Lion’s Head, right side
Lion’s Head, left side

33. Pendant: Lion’s Head

Accession Number76.AO.80
Date550–500 B.C.
DimensionsHeight: 28 mm; width: 22 mm; depth: 38 mm; Weight: 13.6 g
SubjectsFunerary use of amber (also Burial); Lion
View in Collection


–1976, Gordon McLendon (Dallas, TX), donated to the J. Paul Getty Museum, 1976.


The pendant is in good condition, with a generally smooth surface. There is a large nonmodern chip behind the right side of the chin and four broken teeth; there are also many tiny modern chips and cracks and crazing over the entire surface. Inclusions are visible in one crack on the right side of the neck. All over the surface are small blotches of a pale yellow-ocher patina. Degraded amber fills many of the fine cracks. The piece is dull brownish red in ambient light and bright red in transmitted illumination.


The pendant consists of the head and upper neck portion of a ferocious lion, mouth open wide, tongue extended, teeth bared, and ears flattened against the head. The forehead, medial indentation, areas around the eyes, and top of the snout are richly modeled, suggesting a subcutaneous musculature (even if it is not anatomically correct). The eyes are rendered plastically, in profile appearing narrow and hooded and in frontal view open and rectangular, in a gaze of focused concentration. Emphasizing the raised elliptical domes of the eyeballs, their upper lids are undercut.

The pert nose is delineated by two outward-curving nasal wrinkles. The tip of the nose is flat on the frontal plane and tilted upward in profile. A raised philtrum separates the halves of the muzzle; the wrinkled snarl lines on either side are engraved with four lines parallel to one another on the frontal plane and turned up on the sides. The edge of the mouth is smooth. The flews are not turned out. The lips are undercut to reveal the ridges of the gums and the teeth. Only the stumps remain of the upper and lower canines. The chin is narrower and shorter than the upper jaw. The extended position of the tongue (slightly asymmetrical to right) and the cavern of the deeply hollowed palate emphasize the lion’s ferocious expression. From the front, the head is oval, with the mane fitting tightly around the head; in profile, the head is long, with the mane flowing from the edge of the face to the edge of the skull. The ruff is composed of a pattern of pinnate, plastically rendered hanks of hair on top; shorter, triangular sections of the mane are carved in the interstices. On the sides and under the neck, the mane is more schematically rendered and the forms flatter. The soft folded-over ears emerge from the mane (the right one is more legible than the left).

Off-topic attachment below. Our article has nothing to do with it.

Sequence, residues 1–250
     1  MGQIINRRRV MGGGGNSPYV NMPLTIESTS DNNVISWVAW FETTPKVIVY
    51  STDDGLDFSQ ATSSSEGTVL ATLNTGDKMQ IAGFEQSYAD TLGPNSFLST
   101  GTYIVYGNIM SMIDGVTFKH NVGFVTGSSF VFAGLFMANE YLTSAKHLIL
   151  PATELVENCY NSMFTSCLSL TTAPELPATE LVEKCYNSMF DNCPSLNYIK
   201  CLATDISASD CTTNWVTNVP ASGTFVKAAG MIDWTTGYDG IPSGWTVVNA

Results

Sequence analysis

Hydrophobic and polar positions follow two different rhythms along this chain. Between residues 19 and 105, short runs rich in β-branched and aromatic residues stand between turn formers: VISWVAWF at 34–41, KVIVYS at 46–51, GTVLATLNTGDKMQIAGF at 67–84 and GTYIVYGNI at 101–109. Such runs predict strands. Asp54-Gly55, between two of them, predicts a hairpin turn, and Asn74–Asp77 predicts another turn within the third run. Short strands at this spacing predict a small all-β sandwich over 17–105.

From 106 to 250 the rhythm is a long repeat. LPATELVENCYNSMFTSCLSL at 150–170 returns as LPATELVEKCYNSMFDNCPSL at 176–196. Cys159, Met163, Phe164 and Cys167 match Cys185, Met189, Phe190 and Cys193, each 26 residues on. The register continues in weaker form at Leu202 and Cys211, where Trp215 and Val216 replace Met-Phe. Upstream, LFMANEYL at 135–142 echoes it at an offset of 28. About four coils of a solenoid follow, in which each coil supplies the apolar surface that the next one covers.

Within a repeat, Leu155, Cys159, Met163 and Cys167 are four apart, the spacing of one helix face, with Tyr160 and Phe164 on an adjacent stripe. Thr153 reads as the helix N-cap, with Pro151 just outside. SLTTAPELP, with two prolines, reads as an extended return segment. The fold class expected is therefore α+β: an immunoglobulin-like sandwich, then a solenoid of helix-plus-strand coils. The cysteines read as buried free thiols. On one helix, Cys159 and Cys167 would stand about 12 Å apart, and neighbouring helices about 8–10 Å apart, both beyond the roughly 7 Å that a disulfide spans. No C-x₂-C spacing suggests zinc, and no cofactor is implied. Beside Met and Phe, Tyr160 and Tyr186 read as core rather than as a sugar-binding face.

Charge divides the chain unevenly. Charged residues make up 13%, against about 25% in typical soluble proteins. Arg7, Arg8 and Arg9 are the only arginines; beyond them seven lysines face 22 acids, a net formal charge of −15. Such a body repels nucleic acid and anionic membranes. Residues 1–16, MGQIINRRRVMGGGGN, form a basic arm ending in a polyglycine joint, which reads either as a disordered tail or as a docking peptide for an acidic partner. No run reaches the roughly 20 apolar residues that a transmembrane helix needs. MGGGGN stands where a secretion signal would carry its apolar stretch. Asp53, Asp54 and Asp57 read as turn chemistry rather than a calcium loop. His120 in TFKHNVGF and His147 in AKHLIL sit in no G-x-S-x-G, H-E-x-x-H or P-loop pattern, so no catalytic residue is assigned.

The left side of the head is indented along a broad, shallow groove, making the head slightly asymmetrical, and gives evidence of the original shape of the amber blank from which the object was carved. The pendant was perforated with two 2 mm holes, each initiated on one side of the finial (collar?) and exiting caudally through the base. The finial consists of a 3 mm flute flanked on each side by raised fillets. When suspended, the head would have hung downward, with the top of the head showing.


The signs of use wear of 76.AO.80 are significant. The pulling troughs on the upper edges of the perforation demonstrate longtime use where gravity or human activity has caused the suspension cord to saw the amber. This is the only animal head in the Getty collection to demonstrate this use; the other ambers in the collection with visible wear by abrasion are female head-pendants. Unlike on the female head-pendants, however, there is little corresponding wear on the face. There is no internal evidence to suggest the manner of the pendant’s use, whether as personal adornment (and whether it was talismanically rubbed or kissed) or as an ornament suspended from a branch, animal harness, or architectural element.

Counterparts for 76.AO.80 were found in female graves in controlled excavations, and it is possible that this piece came from a similar context. While representations of both ram’s head–wearing women and men are documented in funerary imagery, there is no comparable image of a lion’s-head wearer of either sex. Whatever may have been the pre-interment function of the amber, gold, and bronze lions’ heads, their ultimate role was funerary, just like the necklaces with lion’s heads hanging from the branches in the grove of the Etrusco-Ionian Tomb of Hunting and Fishing (see the “Lions’ Heads” introduction).